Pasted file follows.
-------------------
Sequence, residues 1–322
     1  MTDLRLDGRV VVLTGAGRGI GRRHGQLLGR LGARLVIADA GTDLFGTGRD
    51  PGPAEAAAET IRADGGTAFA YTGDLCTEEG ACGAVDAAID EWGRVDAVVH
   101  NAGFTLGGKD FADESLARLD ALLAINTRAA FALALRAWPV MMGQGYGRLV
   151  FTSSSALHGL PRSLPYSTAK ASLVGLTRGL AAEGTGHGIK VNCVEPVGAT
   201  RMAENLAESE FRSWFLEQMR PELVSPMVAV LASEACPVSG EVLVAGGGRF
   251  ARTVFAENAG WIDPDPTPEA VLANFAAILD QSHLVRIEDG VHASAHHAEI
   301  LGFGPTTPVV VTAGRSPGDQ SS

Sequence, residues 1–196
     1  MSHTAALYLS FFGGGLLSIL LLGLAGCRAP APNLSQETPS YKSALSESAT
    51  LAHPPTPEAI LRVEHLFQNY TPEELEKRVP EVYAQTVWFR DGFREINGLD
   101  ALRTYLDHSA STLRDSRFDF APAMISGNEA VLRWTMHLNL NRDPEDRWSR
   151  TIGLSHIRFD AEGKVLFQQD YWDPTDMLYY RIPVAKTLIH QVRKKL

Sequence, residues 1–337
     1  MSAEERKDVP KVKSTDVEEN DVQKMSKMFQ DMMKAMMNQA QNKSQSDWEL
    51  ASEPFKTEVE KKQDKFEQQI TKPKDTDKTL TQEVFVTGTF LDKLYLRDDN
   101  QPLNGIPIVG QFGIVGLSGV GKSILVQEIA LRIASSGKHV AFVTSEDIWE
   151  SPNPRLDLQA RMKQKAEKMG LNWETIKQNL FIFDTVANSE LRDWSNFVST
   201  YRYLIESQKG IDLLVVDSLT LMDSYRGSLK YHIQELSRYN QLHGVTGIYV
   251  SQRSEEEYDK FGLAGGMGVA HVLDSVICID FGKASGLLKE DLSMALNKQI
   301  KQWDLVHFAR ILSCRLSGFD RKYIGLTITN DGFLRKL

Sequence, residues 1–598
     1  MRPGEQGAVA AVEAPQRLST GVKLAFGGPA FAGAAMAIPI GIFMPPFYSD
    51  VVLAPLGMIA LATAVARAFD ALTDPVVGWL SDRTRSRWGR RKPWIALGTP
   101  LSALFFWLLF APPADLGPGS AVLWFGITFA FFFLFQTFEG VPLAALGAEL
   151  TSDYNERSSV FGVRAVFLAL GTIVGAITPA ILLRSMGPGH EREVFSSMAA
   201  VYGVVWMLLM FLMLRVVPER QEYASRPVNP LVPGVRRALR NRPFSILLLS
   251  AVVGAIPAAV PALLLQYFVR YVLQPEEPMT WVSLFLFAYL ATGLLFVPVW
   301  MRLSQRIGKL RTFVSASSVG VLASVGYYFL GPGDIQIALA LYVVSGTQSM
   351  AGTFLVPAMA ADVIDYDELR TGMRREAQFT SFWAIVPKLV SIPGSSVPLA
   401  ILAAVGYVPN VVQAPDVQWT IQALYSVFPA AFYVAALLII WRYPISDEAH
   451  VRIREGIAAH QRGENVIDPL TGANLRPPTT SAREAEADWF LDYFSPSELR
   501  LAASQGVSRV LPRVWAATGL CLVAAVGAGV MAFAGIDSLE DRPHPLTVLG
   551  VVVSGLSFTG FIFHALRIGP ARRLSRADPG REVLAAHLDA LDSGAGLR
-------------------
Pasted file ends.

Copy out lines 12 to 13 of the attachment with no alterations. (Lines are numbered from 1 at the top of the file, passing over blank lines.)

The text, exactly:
   101  ALRTYLDHSA STLRDSRFDF APAMISGNEA VLRWTMHLNL NRDPEDRWSR
   151  TIGLSHIRFD AEGKVLFQQD YWDPTDMLYY RIPVAKTLIH QVRKKL